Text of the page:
8vo, pp. , xx, 301, , with stipple-engraved frontispiece portrait after D. Maclise and 13 woodcut plates, each with tissue guard; title slightly dust-stained; a very good copy in early twentieth-century half red morocco with buckram sides, borders filleted in gilt, spine tooled in gilt and lettered directly, top-edge gilt, marbled endpapers, red ribbon place-marker, sewn on 4 sunken cords; rubbed and lightly bumped at extremities, upper joint split, head-cap chipped.
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The Chace, the Turf, and the Road.
First edition of a series of articles first published in the Quarterly Review, illustrated by Henry Alken. A sporting writer who ‘may even be said to have created the role of gentleman hunting correspondent’ (ODNB), Charles James Apperley (1778–1843) published widely on hunting and horsemanship, from 1822 under the pseudonym ‘Nimrod’. In the course of his work he travelled widely to partake in hunts, reportedly driving the coaches on which he was a passenger and riding his own horses in race meetings. When his generous salary from the Sporting Magazine was stopped in 1828, however, his fame did not support him and he fled to Calais to avoid debt in 1831, remaining there for the next decade.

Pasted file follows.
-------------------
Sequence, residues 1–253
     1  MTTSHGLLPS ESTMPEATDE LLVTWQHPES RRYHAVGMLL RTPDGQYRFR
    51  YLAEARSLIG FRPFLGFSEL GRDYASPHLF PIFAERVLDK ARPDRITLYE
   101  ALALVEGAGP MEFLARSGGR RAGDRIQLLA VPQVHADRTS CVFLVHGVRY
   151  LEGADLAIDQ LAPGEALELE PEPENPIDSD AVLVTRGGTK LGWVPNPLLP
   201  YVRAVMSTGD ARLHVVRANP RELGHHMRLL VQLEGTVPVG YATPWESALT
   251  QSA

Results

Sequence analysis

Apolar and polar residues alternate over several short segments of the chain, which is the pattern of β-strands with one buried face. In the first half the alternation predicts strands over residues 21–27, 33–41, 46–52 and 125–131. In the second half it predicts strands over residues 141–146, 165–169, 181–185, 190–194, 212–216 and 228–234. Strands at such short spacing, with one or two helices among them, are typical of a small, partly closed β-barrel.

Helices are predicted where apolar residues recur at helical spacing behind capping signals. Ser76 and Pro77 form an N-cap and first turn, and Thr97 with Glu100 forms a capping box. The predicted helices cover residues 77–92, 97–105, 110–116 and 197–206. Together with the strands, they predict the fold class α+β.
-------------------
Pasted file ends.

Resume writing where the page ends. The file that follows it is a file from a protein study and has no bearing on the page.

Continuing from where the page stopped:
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CAESAR, Gaius Julius.
[Opera] quae extant.
An attractive set of Brindley’s duodecimo Caesar, edited by the Irish classicist Usher Gahagan. The Caesar is one of several small-format classics published by Brindley in 1744, for which Gahagan was employed as editor. He subsequently produced versions of Quintus Curtius and Catullus, Propertius, and Tibullus, and translated three of Pope’s works into Latin, but fell into bad company and criminality and was hanged for coin-clipping in February 1749.
ELEGANTLY BOUND TACITUS, C. Cornelius; Justus LIPSIUS and Hugo GROTIUS (editors).
[Opera] C. Corn. Tacitus ex I. Lipsii editione cum not. et emend. H. Grotii [– Historiarum libri quinque et alia ejusdem quae extant].
First edition with Grotius’s notes, elegantly bound in early nineteenth-century English morocco. Elzevir had published an edition of Lipsius’s Tacitus in 1634; Dibdin notes ‘Of these elegant little editions [of 1634 and 1640], that of 1640 is preferred, on account of its having the notes of Grotius. It is one of the scarcest of the Elzevir classics.’